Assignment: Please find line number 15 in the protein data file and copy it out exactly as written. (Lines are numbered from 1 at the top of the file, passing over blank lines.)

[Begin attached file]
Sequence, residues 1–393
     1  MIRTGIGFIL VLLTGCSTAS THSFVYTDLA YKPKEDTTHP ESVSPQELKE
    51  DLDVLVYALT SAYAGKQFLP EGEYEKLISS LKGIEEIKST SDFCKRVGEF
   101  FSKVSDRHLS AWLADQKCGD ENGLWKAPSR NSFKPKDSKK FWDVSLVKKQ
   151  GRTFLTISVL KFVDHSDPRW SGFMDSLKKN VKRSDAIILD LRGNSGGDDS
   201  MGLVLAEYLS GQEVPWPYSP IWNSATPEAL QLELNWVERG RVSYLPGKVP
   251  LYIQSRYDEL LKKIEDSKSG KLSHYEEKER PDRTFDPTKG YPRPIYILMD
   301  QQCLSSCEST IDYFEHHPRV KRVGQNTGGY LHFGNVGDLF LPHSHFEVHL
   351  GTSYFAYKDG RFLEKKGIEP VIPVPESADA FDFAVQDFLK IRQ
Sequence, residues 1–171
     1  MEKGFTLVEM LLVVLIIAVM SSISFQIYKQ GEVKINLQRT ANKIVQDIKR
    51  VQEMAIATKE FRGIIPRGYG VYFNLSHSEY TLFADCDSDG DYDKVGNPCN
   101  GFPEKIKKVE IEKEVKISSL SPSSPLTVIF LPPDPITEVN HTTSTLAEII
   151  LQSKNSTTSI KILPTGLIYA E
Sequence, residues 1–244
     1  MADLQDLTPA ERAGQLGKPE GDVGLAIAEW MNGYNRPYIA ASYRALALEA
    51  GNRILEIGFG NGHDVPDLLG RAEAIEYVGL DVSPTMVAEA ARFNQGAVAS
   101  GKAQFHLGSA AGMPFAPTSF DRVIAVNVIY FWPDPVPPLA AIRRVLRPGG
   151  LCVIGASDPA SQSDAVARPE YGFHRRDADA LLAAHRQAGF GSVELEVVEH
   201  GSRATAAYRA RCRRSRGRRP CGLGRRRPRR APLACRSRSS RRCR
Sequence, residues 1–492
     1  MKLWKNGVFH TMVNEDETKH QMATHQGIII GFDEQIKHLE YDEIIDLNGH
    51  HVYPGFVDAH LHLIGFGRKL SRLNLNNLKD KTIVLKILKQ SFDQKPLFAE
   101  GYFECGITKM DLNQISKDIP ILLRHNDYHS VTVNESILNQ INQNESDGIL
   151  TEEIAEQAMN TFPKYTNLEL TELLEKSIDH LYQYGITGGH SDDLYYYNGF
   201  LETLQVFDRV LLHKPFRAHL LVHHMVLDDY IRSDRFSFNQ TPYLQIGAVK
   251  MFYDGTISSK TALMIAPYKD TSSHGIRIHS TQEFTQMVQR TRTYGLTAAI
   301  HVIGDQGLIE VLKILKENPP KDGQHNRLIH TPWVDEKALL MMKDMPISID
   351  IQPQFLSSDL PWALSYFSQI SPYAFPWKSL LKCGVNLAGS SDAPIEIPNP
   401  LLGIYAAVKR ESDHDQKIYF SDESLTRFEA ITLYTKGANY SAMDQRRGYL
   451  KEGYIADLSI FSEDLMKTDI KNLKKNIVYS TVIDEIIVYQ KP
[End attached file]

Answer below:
Sequence, residues 1–244